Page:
Caro Meets Theatre Interview

Clara Brennan: Spine

By | Published on Thursday 23 October 2014

This week at Soho Theatre, Londoners have the chance to see Clara Brennan’s Edinburgh Festival success story ‘Spine’, which won a Fringe First and a Herald Angel, and a Stage Award for Acting Excellence for its star Rosie Wyatt.


The play, described as a “pan-generational and heart-breaking call to arms for our modern age”, is a politically charged monologue, penned by an acclaimed writer with a Channel 4 Playwright Award under her belt. I spoke to Clara Brennan about the show.

CM: Without giving too much away, can you give us an idea of what ‘Spine’ is about?
CB: It’s about a fiery, disenfranchised teenage girl who meets her match in a fiery, funny and inspiring elderly woman – in many ways they’re each other’s last resort in life.

CM: What themes does the play cover? What it its political agenda?
CB: The play was inspired by the Coalition’s austerity measures and dismantling of public services. It looks at teenage engagement with politics and education, but told through a very street-level story about stolen library books, money lending, sex and burglary. It’s really about how people have been left out of politics and how our most vulnerable have been treated by the Coalition government – theft on quite another level. And I think the intergenerational friendship is a great way to have a dialogue about this.

CM: The play is a monologue, but features two main characters. What made you decide to write it as a one-person show, rather than a two-hander?
CB: Without giving too much away, it was important for me that Amy eventually embody Glenda. And we learn why she tells this story by the end. That’s the kernel of hope in the play (I hope!). It’s a classic mentor story – think ‘Karate Kid’, ‘Good Will Hunting’ – but with a major focus on two women’s experiences. And having a 2 in1 play makes us focus on the pan-generational themes, the ideas and jokes they share. Plus, it’s also fun to have a character impersonate another – the one stage direction I wrote was “Amy doesn’t have to be brilliant at mimicking Glenda but should enjoy doing it”. It tells us a lot about them both I think.

CM: Is a monologue easier to write than a ‘normal’ play, or harder?
CB: Hell no. It’s a major challenge sustaining an audience’s attention for an hour and ten minutes, it’s a feat for the actor and all involved. Rosie performs it like artillery fire, she’s incredible. I love monologue plays, they’re so exposing and emotionally engaging when done well and they have to be the moment when a character ‘must’ speak, in order for us to want to spend time with the character you have to come out fighting and desperate to speak. They intrigue me as a form. I just have to try really hard to keep my own and the audience’s attention with enough filth and gags and heart and guts as possible.

CM: Did you just hand the script over and bow out or have you been in attendance?
CB: I was in pre-Edinburgh rehearsals and the dress rehearsal yesterday, I’m always on hand and have done rewrites along the way. But I usually just sit there blubbing when I watch Rosie, I’m a useless teary mess by the end, crying at my own play! But I can’t help it, it means a lot to me.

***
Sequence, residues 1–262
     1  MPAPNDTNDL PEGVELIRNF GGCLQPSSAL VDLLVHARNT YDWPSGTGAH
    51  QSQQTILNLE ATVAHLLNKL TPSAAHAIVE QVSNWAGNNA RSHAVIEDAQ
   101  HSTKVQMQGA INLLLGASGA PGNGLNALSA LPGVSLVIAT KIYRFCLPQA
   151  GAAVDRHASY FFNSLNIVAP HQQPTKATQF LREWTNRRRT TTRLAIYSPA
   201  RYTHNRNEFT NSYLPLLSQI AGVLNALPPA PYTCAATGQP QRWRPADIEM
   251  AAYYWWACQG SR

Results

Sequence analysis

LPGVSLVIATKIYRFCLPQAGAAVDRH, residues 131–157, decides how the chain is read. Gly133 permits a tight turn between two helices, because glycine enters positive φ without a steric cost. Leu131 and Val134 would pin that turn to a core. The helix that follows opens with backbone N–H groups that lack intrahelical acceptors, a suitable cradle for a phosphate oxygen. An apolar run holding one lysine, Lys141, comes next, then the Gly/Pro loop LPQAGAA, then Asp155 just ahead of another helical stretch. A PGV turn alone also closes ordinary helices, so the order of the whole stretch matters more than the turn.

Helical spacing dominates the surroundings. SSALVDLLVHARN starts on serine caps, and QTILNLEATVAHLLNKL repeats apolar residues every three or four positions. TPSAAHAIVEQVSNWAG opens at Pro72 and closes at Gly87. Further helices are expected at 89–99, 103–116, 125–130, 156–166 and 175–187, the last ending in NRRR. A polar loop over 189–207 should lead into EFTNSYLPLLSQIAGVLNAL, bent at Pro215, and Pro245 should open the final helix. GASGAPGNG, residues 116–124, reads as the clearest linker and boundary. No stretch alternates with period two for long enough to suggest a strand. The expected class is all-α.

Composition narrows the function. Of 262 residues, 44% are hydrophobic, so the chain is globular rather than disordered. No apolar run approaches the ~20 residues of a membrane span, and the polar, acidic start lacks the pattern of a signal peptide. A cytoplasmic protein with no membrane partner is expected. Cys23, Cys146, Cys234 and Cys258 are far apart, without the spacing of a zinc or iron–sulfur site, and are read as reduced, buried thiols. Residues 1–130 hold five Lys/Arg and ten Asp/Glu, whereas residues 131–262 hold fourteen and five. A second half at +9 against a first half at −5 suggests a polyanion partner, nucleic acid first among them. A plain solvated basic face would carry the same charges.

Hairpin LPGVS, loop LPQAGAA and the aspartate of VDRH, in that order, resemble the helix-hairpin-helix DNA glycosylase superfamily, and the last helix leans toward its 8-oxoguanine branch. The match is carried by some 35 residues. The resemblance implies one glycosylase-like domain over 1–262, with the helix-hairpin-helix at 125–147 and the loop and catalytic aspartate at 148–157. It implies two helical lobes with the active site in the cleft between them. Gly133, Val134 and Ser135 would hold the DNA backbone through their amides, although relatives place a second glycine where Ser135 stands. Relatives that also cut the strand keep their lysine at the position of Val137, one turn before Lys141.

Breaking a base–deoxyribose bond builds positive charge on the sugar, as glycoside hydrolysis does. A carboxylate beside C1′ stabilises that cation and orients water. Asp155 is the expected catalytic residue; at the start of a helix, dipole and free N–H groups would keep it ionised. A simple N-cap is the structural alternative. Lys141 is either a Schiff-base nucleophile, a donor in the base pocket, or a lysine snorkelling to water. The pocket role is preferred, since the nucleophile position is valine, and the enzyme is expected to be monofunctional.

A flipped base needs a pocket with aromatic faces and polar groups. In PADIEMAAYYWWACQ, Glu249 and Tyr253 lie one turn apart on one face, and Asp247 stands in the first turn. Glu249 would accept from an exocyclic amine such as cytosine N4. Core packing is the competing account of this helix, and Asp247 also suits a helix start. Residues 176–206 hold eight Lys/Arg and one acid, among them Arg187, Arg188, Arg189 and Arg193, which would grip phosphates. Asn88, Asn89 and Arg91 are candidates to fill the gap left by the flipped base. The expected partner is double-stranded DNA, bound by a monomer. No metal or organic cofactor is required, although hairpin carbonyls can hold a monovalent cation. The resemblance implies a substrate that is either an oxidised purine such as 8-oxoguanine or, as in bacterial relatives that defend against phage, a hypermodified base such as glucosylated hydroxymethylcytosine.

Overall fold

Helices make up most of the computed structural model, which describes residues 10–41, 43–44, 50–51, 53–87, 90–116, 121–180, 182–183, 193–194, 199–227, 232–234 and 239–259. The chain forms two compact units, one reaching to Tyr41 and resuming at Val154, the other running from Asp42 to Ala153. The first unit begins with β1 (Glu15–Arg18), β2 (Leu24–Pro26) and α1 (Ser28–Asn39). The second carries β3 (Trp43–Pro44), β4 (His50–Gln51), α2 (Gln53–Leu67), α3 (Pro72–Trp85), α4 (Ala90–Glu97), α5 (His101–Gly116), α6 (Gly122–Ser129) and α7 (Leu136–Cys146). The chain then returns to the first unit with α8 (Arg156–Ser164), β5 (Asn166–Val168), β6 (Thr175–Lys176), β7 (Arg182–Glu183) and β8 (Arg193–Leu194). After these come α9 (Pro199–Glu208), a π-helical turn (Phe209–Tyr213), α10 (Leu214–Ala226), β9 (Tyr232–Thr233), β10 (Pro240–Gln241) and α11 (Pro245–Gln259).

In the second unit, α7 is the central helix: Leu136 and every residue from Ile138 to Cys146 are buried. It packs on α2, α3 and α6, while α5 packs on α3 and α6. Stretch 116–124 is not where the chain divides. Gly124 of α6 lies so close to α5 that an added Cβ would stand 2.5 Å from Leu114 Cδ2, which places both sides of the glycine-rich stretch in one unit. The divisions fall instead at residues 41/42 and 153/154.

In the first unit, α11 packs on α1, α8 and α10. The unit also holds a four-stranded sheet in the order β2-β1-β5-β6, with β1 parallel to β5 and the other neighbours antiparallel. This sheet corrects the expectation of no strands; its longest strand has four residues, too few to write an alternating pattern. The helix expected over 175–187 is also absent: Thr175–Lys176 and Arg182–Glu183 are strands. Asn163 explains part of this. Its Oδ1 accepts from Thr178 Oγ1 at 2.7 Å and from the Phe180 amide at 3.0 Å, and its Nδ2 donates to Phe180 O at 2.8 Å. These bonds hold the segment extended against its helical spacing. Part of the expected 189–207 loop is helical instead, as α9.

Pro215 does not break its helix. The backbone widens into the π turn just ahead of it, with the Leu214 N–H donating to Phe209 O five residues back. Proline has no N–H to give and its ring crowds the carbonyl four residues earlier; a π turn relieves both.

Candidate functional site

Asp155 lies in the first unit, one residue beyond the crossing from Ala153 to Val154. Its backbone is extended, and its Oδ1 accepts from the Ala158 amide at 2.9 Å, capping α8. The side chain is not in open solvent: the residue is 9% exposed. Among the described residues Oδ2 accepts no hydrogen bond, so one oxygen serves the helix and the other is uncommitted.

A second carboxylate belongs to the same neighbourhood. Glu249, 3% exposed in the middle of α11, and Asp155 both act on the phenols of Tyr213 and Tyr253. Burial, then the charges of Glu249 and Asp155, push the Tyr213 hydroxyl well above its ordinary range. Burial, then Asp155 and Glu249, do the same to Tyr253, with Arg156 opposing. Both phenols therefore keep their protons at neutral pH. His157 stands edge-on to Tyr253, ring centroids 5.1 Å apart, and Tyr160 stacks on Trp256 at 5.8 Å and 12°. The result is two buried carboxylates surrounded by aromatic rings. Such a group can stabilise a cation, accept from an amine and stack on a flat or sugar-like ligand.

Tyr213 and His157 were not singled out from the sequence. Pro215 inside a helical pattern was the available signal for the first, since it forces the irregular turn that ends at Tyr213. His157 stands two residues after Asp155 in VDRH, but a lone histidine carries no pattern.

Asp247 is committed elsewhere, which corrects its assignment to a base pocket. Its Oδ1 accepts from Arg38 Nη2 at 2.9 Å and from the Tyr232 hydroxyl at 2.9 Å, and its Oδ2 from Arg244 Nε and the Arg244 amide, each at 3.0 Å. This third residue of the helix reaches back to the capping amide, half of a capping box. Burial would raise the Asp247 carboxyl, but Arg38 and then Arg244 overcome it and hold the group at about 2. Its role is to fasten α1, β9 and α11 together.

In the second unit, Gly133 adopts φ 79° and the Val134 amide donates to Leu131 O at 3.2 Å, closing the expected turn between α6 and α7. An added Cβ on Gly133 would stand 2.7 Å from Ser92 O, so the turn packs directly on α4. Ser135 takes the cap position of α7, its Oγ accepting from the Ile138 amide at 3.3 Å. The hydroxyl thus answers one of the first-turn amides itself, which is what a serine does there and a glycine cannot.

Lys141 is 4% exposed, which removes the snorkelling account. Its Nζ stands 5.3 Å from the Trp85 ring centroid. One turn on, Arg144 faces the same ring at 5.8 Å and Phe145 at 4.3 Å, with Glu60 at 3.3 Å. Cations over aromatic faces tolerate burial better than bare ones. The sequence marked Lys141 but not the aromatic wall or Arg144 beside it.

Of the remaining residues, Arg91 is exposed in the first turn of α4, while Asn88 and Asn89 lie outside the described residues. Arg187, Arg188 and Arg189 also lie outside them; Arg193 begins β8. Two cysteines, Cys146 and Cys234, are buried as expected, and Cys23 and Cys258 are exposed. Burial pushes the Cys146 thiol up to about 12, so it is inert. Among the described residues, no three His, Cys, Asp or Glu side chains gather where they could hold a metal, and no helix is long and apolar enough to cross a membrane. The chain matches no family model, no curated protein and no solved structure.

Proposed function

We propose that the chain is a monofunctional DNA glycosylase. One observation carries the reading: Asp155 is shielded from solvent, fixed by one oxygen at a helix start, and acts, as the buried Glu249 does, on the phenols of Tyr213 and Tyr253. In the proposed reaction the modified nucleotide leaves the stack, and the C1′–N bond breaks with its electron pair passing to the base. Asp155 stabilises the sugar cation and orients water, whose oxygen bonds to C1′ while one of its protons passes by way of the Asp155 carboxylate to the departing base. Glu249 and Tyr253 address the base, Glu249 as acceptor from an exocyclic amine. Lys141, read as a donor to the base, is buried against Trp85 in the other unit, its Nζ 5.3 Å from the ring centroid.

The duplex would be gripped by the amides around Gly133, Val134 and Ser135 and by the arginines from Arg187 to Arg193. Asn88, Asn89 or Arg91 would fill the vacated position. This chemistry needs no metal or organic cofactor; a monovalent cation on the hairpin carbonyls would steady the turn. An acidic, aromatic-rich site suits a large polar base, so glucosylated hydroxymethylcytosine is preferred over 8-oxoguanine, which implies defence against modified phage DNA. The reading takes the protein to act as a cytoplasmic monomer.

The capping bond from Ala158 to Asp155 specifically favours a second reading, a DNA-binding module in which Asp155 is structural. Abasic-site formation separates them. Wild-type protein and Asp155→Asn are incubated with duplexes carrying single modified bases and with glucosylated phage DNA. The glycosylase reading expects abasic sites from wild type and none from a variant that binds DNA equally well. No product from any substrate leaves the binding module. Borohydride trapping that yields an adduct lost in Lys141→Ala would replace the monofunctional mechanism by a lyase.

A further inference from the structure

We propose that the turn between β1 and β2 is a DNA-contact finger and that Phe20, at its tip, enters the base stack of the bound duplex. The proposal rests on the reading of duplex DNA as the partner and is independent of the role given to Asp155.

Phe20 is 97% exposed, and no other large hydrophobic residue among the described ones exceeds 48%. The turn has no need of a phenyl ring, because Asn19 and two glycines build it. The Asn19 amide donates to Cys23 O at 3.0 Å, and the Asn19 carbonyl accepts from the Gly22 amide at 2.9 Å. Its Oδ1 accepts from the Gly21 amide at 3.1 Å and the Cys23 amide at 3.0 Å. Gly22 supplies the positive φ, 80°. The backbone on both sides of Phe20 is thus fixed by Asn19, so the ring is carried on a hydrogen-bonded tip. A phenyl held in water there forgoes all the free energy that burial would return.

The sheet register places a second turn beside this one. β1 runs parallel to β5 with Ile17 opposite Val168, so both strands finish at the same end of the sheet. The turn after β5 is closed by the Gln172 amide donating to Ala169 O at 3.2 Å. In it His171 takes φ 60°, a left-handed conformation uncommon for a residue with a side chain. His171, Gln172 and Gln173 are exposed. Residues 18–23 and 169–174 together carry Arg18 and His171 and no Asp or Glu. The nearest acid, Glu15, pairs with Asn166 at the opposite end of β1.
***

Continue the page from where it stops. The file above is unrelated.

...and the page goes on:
CM: Did the play develop or change significantly during the rehearsal process?
CB: Oh yep. I’d happily go away and add in massive rewrites but at a certain point the actor and director own the play and can pull me aside to say “Mate, enough”, or “She wouldn’t say that”. It’s bliss to work with creatives who feel ownership of the text, I love the point at which it’s no longer me sat in my bedroom doing the voices, it’s 3D and has a life of its own. So it evolved hugely, and Beth Pitts, the director, has worked with me since it was a 15 minute play for Theatre Uncut. She has a brilliant structural eye and if wasn’t for her challenging me, the play wouldn’t exist.

CM: Rosie Wyatt’s performance was singled out for a Stage Award when the show was on at the Edinburgh Festival Fringe. How did you go about casting the part, and what was it that made Ms Wyatt so right for this role?
CB: I saw her do a 15 minute reading of Spine when it was a mini play for Theatre Uncut. She had an hour’s rehearsal but she was electric. She’s got something as a performer I don’t see that often. I definitely wrote it with her voice in mind. And so I wondered if it was good enough if I could coax her to the Fringe… her agreeing to do it was a big deal for me!

CM: You’re one of the founders of Foolscap, the company behind this production – can you tell us something about the group, and its aims?
CB: It’s me, director Beth Pitts and producer Francesca Moody. They’re very inspiring and work insanely hard, so their reputations preceded them and we suddenly made a naughty little trio. We scrambled around pre-Edinburgh and made up Foolscap with the aim of making politically engaging new work… hopefully on the back of the production we’ll get to continue! Maybe Amy needs a sequel.

CM: What’s next for you, and the company?
CB: We’re looking into touring the play, that was a goal of ours from its inception, and hopefully schools, libraries and maybe non-theatre venues, that’d be a dream. I want old and young audiences to see it together.

I have a few telly and film projects on the go and two new plays on in London early next year. I’d plug them but I’m well superstitious. And it looks like I’ll make ‘Spine’ for the screen, so the characters Amy portrays will finally come to life.

‘Spine’ is on at Soho Theatre until 2 Nov, see this page here for info and tickets.